Third, the dispensational system presents an unnecessary confusion here. Consider: By Christ’s appointment, the Lord’s Supper is the sign of the new covenant (Mt 26:28; Mk 14:24; Lk 22:20; 1Co 11:25). It is to be kept until he comes (1Co 11:25–26). But in dispensationalism, when Christ comes to establish the new covenant with Israel for a millennium, he will do away with the Lord’s Supper (which is the sign of the new covenant), while re-establishing the bloody sacrificial system (which is an old covenant foreshadowing of Christ’s redemptive labor, Heb 10:1–3) as a “memorial.” And the millennial priests will perform this memorial in Christ’s bodily presence for 1000 years.
The new covenant is one of the key stumbling blocks for dispensationalism. As important as the new covenant is in Scripture, dispensational theologians have not been able to settle on a particular view of it. Charles Ryrie’s Basis of the Premillennial Faith outlines three leading dispensational views: (1) The Jews Only View. This is “the view that the new covenant directly concerns Israel and has no relationship to the Church” (p. 107). (2) The One Covenant/Two Aspects View: The one “new covenant has two aspects, one which applies to Israel, and one which applies to the church” (p. 107). (3) The Two New Covenants View. This is Ryrie’s view, for this actually “distinguishes the new covenant with Israel from the new covenant with the church. This view finds two new covenants in which the promises to Israel and the promises to the Church are more sharply distinguished even though both new covenants are based on the one sacrifice of Christ” (p. 107).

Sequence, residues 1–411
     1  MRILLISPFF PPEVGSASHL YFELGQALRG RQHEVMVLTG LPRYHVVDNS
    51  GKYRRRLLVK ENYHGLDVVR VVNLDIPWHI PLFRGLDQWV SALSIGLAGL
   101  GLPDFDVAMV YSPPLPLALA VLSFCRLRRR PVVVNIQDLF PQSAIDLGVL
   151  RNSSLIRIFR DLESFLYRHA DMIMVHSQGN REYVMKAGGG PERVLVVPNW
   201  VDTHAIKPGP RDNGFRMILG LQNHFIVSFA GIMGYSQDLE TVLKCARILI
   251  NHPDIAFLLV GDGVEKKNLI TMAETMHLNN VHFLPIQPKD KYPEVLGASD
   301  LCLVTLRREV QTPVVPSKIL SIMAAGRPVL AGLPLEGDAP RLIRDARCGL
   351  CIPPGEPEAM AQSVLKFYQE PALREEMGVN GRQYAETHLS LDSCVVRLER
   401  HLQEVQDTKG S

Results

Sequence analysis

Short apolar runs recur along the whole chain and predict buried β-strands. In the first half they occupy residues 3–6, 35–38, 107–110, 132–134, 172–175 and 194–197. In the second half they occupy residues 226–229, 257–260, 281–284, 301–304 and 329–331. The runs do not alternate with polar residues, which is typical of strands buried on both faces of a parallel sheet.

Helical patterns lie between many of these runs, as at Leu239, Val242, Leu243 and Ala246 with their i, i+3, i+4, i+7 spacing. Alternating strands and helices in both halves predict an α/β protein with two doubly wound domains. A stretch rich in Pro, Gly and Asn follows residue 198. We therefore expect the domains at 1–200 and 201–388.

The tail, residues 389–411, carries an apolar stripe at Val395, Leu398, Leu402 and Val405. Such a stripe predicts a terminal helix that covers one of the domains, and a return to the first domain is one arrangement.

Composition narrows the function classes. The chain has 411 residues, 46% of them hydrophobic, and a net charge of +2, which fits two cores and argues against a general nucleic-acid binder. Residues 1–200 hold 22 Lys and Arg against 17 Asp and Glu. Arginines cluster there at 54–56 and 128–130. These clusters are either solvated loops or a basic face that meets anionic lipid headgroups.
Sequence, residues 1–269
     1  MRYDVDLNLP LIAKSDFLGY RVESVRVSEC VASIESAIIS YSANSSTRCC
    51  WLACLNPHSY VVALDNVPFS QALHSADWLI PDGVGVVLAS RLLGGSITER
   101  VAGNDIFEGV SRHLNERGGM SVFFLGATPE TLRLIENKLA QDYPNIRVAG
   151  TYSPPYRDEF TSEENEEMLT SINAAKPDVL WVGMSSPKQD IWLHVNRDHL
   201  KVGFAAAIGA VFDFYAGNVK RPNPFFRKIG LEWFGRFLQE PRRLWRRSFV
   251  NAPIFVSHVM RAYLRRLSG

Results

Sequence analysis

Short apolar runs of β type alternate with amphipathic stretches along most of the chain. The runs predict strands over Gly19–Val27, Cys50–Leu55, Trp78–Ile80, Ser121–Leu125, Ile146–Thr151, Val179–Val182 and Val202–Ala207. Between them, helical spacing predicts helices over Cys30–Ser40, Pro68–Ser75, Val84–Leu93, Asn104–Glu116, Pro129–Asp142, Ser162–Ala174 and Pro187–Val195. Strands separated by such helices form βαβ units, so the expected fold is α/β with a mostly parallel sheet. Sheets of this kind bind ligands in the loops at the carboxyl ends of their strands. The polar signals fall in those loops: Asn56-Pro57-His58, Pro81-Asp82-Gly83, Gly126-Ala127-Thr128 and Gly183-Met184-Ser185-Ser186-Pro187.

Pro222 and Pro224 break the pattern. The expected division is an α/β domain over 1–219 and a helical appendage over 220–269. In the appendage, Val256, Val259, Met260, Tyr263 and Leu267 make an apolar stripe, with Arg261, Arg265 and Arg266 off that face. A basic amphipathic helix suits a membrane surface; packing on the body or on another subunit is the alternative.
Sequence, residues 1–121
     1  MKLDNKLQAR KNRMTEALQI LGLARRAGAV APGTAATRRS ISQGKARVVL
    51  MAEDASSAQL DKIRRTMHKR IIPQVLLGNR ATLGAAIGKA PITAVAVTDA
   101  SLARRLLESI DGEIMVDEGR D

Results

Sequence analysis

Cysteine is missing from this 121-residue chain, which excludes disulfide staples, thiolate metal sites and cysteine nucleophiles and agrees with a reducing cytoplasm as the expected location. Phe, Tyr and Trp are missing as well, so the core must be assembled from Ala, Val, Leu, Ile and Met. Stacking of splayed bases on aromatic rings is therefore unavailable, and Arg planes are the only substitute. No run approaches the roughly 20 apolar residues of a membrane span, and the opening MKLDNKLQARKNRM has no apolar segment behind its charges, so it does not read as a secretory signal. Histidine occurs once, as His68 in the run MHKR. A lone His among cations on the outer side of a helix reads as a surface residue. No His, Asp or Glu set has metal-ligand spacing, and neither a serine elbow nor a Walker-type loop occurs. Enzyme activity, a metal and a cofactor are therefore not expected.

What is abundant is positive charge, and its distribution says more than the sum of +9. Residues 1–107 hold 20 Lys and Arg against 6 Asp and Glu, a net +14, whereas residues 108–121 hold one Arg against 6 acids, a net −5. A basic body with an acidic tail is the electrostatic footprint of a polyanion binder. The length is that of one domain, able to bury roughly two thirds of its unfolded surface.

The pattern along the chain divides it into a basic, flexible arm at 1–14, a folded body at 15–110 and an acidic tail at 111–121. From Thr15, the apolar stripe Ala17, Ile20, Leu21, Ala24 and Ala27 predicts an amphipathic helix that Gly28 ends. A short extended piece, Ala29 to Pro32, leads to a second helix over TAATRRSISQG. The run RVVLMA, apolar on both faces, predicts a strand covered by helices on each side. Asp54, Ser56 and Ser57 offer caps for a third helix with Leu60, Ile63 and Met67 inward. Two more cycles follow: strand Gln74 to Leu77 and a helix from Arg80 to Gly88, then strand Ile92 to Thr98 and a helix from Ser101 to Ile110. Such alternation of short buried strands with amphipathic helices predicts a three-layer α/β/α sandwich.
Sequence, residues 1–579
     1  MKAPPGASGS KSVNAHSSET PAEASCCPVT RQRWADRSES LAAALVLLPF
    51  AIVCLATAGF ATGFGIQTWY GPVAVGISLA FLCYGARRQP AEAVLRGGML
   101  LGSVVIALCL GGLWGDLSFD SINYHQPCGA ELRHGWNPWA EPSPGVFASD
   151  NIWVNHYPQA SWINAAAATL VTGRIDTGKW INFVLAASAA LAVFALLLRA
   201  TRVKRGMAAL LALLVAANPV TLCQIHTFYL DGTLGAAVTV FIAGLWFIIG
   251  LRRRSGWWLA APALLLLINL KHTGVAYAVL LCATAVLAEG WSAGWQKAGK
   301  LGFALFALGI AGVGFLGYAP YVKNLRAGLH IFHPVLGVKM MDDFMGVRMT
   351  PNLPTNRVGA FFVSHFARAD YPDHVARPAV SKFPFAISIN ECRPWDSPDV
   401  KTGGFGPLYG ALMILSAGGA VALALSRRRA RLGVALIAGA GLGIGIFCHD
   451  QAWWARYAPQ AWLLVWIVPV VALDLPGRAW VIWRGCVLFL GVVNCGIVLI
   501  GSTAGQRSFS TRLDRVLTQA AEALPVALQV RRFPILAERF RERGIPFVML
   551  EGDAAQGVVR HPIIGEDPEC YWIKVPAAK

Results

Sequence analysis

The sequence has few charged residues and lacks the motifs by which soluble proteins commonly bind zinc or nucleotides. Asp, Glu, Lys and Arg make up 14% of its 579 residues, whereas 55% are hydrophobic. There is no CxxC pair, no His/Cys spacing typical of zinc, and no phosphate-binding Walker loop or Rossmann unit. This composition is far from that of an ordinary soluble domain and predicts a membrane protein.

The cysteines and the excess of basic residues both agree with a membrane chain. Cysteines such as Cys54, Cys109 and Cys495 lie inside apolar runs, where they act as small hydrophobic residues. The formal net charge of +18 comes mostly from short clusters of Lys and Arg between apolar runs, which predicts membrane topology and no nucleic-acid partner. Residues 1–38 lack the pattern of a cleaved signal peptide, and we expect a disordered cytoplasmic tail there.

Oddly enough, today dispensationalists no longer hold to three views of the new covenant. They now have four views: “there are four major dispensational views of the new covenant” (Dictionary of Premillennial Theology, 280). The new covenant creates pandemonium in the dispensational system.